Patterson’s 14 assists in a game still rank as a program record, and he is the school’s all-time leader in assists handed out, dishing out 638 career helpers, including a single-season mark of 218 in leading the Mountaineers’ to the NCAA Tournament as a senior.

Patterson’s 247-career steals rank second to only D.J. Thompson (293 steals/2003-06). The Appalachian State Hall-of-Famer had that killer instinct to win a game by himself.

Though ranking a modest 22nd on the Appalachian State all-time scoring list with (1,222 pts), Patterson could have scored more, but his unselfishness and court vision were just as lethal. Trailing

to upstart Furman in the 2000 Southern Conference Tournament at the BI-LO Center in Greenville in front of a raucous crowd, the Black and Gold found themselves in danger of being knocked out of the tournament by the Paladins. Patterson scored 12 of ASU’s final 14 points as a part of a 28-point night, helping the Mountaineers advance to the tournament championship with a 60-56 win over the Paladins.

2. Frankie King (Western Carolina, 1993-95)--There might have been better  shooters and assist-men in the history of Western Carolina Basketball, but few packed the complete package like Catamount Hall-of-Famer Frankie King did during just two seasons for the Catamounts.

The native of Appling County, GA, was simply a highlight-reel waiting to happen, whether catching alley-oops for reverse dunks, crossing up a defender and slashing to the hoop or shooting from the perimeter, few rivaled King when it came to being a scorer.

King’s scoring caught national acclaim in his first season with the Catamounts. After spending two seasons at Brunswick Community College, where he scored 20 or more points in 62 out 63 games as a JUCO product, garnering Georgia Junior College Player of the Year accolades. It was a steal for then Catamount head coach Benny Dees, who was rebuilding the program, needing a guard and scorer to playing alongside another future Hall-of-Fame Catamount guard, in Anquell McCollum (1992-96).

King was the SoCon Player of the Year in 1993-94 and 1994-95, scored 30 or more points in 22 games, and posted a whopping  games 1,495 points in just two seasons. He averaged 26.9 PPG and 26.5 PPG in two seasons, ranking among the nation’s top five scorers in both campaigns. He helped the Catamounts reach the Southern Conference Tournament title game for the first time in school history in 1995, losing to the Chattanooga Mocs in the title game.

He had a 41-point effort against Louisville, to which then head coach Denny Crum said of King that he was one of the most unstoppable scoring threats in college basketball. King was drafted 37th by the LA Lakers in 1995, and finished playing overseas in such destinations as Turkey, Spain, France, Greece and Germany. His 1,495 career points in only two seasons still ranks him among the program’s top 15 scorers all-time.

One game in particular summed up what King could do against big-time competition at the Division I level of college basketball. In a Dec. 30, 1993 loss at Duke, King poured in 30 points against the Blue Devils in an 87-67 loss at Cameron Indoor Stadium. King also had a big game helped a Western Carolina team overachieve in the Southern Conference Tournament, helping the Catamounts to the semifinals before dropping a 93-89 decision to the Davidson Wildcats. King would record his final 40-point performance of the season, posting 40 points in 94-89 loss at East Tennessee State in early February. In that SoCon Semifinal setback, King scored 41 points.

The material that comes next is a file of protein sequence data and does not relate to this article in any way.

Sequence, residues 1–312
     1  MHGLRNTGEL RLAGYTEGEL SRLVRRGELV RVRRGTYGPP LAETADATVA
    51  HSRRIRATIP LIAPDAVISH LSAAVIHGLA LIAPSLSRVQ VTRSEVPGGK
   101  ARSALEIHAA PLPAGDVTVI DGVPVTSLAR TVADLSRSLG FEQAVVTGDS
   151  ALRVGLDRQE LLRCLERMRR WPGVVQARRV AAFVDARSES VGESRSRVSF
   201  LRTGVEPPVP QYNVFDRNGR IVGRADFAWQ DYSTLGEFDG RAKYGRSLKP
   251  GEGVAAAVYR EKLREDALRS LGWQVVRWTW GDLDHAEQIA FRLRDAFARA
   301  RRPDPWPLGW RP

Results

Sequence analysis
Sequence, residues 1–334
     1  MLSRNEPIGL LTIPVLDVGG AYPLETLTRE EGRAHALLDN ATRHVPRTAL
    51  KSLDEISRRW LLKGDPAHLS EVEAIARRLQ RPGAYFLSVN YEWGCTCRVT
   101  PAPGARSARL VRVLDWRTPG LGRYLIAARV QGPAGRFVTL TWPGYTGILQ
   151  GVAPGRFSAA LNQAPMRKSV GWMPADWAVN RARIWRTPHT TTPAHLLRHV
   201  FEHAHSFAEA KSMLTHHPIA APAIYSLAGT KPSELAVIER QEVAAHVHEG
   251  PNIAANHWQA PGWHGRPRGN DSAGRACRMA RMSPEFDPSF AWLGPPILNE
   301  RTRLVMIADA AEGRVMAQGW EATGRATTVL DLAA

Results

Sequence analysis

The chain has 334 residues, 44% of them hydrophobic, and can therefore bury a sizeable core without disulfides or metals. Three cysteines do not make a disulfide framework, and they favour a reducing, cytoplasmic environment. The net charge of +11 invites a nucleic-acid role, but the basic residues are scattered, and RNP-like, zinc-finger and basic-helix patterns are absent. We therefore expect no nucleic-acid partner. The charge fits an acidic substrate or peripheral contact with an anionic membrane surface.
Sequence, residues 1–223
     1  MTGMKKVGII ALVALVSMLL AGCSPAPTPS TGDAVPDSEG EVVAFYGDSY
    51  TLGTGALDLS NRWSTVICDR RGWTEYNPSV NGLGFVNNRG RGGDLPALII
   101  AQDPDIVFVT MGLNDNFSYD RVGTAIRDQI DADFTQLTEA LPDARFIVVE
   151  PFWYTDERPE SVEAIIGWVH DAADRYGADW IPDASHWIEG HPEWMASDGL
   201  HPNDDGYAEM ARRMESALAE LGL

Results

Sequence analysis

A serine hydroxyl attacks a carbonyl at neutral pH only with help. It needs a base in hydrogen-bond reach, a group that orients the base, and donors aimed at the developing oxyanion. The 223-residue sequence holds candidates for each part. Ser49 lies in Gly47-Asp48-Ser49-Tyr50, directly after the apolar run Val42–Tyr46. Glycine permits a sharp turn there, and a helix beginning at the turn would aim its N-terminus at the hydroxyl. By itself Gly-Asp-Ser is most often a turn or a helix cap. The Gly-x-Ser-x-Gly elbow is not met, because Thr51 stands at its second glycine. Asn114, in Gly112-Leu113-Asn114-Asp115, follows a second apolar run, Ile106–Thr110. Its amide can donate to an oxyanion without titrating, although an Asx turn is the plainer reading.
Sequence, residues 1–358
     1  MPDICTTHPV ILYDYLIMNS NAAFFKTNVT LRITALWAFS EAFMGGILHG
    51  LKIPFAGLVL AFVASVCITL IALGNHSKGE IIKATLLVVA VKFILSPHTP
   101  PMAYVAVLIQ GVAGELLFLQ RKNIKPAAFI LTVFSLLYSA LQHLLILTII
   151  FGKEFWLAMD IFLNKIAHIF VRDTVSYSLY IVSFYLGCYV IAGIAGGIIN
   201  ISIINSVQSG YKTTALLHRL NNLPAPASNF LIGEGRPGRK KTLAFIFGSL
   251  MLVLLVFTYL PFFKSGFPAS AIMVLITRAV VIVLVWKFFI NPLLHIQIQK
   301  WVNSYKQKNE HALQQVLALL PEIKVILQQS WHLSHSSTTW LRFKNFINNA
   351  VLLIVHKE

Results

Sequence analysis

1. Keith "Mister" Jennings (East Tennessee State, 1987-91)-Keith "Mister" Jennings was a diminutive point guard that led the East Tennessee State basketball program to its greatest heights in the early 1990's, even helping the former SoCon power to an Associated Press Top 10 ranking in 1991.

Keith "Mister" Jennings Highlights

Jennings was simply one of the most electrifying players in Southern Conference history, and he led Alan LeForce's Bucs to three-straight Southern Conference crowns, though he was originally recruited to the Johnson City by Les Robinson, who left to become head coach at North Carolina State for the 1990-91 season.

At just 5'7", Jennings was not only a dynamic scorer, but went on to become one of the greatest passers in college basketball history. With just a flick of the wrist, Jennings tossed mid-court alley-oops to explosive leapers Rodney English and Calvin Talford with regularity and made the Bucs worth the price of admission for college hoops lovers.

Jennings went on to finish with 983 assists in his college career, which ranked second all-time upon his graduation in 1991 and still ranks fourth in NCAA Division I history. He was a two-time Southern Conference Player of the Year honoree.

Jennings won the Frances Pomeroy Award for the best player under six feet tall as a senior and was a consensus Associated Press Second Team All-America selection as senior. He was signed as a free agent by the Golden State Warriors in 1992, where he played three years alongside Chris Mullin and Tim Hardaway before retiring.